Should Your Child See a Doctor?

Stools – Unusual Color


A stool color other than brown or tan


  • Almost always due to food coloring or food additives
  • Stool color relates more to what is eaten than to any disease
  • In children with diarrhea, the gastrointestinal (GI) passage time is very rapid. Stools often come out the same color as the Kool-Aid or Jell-O that went in.

Clues to unusual stool colors


  • Blood from lower GI tract bleeding
  • Foods: red Jell-O, red or grape Kool-Aid, red cereals, tomato juice or soup, tomato skin, cranberries, beets, red licorice, Fire Cheetos
  • Medicines: red medicines (e.g., Amoxicillin), occasionally other medicines that turn red in the GI tract (e.g., Omnicef)


  • Blood from stomach bleeding (stomach acid turns blood to a dark, tar-like color)
  • Foods: licorice, Oreo cookies, grape juice
  • Medicines: iron, bismuth (e.g., Pepto-Bismol)
  • Other: cigarette ashes, charcoal
  • Bile: Dark green stools from bile may look black under poor lighting. Smearing a piece of stool on white paper and looking at it under a bright light often confirms that the color is actually dark green.


  • Foods: green Jell-O, grape-flavored Pedialyte (turns bright green), green fruit snacks, spinach or other leafy vegetables. Dark green stools (e.g., spinach) may look black under poor lighting.
  • Medicines: iron (e.g., in formula)
  • Bile: Most dark green stools are normal and due to bile. Bile-stained loose stools are seen with diarrhea illnesses and normal breastfed stools (especially during the first 2 months of life). While bile is more commonly seen with diarrhea, it can also cause green formed stools.

White or light gray

  • Foods: milk-only diet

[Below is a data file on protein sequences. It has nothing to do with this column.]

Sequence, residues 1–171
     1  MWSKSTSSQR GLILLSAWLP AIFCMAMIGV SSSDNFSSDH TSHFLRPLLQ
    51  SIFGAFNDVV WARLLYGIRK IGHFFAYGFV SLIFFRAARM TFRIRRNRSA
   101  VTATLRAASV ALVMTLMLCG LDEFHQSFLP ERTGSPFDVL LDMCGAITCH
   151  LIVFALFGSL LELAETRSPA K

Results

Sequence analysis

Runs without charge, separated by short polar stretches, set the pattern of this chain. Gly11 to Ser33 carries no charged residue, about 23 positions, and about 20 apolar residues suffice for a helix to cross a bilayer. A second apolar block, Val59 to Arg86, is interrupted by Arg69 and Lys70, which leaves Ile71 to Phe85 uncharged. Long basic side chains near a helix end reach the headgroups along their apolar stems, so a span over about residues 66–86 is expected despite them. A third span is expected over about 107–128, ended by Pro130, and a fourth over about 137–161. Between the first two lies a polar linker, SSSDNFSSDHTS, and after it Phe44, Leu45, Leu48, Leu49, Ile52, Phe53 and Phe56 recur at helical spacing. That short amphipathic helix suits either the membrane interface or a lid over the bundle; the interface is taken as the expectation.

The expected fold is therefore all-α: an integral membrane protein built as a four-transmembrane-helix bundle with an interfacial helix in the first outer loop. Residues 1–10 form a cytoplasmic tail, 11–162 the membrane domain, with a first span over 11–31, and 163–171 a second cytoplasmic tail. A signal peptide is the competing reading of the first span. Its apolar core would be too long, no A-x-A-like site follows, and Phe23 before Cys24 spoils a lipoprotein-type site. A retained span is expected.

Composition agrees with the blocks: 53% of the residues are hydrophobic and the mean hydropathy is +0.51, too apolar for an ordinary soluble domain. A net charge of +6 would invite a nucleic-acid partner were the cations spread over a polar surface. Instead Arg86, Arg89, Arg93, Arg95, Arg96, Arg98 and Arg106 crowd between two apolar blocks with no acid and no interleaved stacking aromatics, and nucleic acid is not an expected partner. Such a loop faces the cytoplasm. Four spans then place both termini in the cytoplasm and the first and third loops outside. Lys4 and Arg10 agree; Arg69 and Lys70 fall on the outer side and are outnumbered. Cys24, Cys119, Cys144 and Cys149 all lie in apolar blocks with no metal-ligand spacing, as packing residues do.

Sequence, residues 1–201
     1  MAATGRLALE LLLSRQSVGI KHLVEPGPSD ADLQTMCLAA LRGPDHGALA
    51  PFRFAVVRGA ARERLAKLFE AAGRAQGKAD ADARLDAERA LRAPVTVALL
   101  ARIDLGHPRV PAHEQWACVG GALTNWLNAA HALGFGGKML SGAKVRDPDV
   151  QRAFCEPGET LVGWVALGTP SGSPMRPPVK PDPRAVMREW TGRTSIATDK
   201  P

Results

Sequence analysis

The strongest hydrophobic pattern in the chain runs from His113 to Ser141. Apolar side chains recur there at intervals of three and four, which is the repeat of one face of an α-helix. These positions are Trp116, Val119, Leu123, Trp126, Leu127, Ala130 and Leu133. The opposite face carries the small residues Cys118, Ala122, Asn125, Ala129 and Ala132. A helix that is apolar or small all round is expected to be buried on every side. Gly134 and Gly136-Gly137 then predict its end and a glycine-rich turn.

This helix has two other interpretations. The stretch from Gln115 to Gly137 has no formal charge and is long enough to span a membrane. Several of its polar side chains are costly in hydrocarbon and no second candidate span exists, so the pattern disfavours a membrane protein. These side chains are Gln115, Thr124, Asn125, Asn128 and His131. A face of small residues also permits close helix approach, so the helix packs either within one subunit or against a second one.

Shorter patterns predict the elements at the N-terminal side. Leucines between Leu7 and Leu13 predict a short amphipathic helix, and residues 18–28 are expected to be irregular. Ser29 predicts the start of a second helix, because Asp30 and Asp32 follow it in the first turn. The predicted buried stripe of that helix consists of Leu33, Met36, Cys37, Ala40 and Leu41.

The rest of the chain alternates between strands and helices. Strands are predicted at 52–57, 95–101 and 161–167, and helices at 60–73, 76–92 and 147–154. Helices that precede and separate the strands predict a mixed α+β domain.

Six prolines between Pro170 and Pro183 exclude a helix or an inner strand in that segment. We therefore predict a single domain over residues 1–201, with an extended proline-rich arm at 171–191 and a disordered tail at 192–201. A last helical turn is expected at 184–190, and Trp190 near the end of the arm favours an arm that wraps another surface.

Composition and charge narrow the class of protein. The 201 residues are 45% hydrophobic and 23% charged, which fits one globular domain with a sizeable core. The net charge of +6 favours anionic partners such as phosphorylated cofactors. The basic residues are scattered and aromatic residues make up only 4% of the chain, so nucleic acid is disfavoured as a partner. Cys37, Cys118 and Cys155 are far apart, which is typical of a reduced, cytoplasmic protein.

• Medicines: aluminum hydroxide (antacids), barium sulfate from barium enema
  • Liver disease: Young infants with blocked bile ducts have stools that are light gray or pale yellow

See more appropriate topic (instead of this one) if

When to Call Your Doctor

Call your doctor now (night or day) if

  • Your child looks or acts very sick

Call your doctor within 24 hours (between 9 a.m. and 4 p.m.) if

  • You think your child needs to be seen

Call your doctor during weekday office hours if

  • You have other questions or concerns
  • Stool is light gray or whitish and occurs 2 or more times
  • Abnormal color is unexplained and persists over 24 hours (EXCEPTION: green stools)
  • Suspected food is eliminated and abnormal color persists over 48 hours

Parent care at home if

  • Unusual stool color probably from food or medicine and you don't think your child needs to be seen
  • Green stools

Home Care Advice for Unusually Colored Stools


  • Unusual colors of the stool are almost always due to food coloring
  • The only colors that may relate to disease are red, black and white
  • All other colors are not due to a medical problem

Green stools

  • Green color of the stools is almost always normal and due to bile
  • While it is more commonly seen with diarrhea, sometimes it occurs with formed stools
  • It usually only lasts for a few days, but it can recur
  • If you think it's due to iron medication, be sure your child is not taking too much


  • Eliminate the suspected food or drink from the diet. The unusual color should disappear.


  • For persistent unusual color, bring in a stool sample for testing. Keep it in the refrigerator until you leave.

Call your doctor if

  • Unexplained color persists over 24 hours
  • Suspected food is eliminated and the abnormal color persists over 48 hours
  • Your child becomes worse

And remember, contact your doctor if your child develops any of the "Call Your Doctor" symptoms.


  1. Benaroch R. Red-colored stool. Consult Pediatr. 2007;6:365.
  2. Borowitz SM, Hayden GF. In plain sight: the macroscopic stool examination. Contemp Pediatr. 1990;7:115-121.
  3. Chen S, Chang M, Du C, et. al. Screening for biliary atresia by infant stool color card in Taiwan. Pediatrics. 2006;117 (4):1147-1154.
  4. Middleton J. Green-colored stool. Consult Pediatr. 2007;10:580.
  5. Nelson JS. Red stools and Omnicef. J Pediatr. 2000; 136: 853-854.


This information is not intended be a substitute for professional medical advice. It is provided for educational purposes only. You assume full responsibility for how you choose to use this information.

Author and Senior Reviewer: Barton D. Schmitt, M.D. Clinical content review provided by Senior Reviewer and Healthpoint Medical Network.

Last Review Date: 8/1/2010
Last Revised: 10/1/2010 4:09:09 PM

Content Set: Pediatric HouseCalls Symptom Checker
Version Year: 2011

Copyright 1994-2011 Barton D. Schmitt, M.D.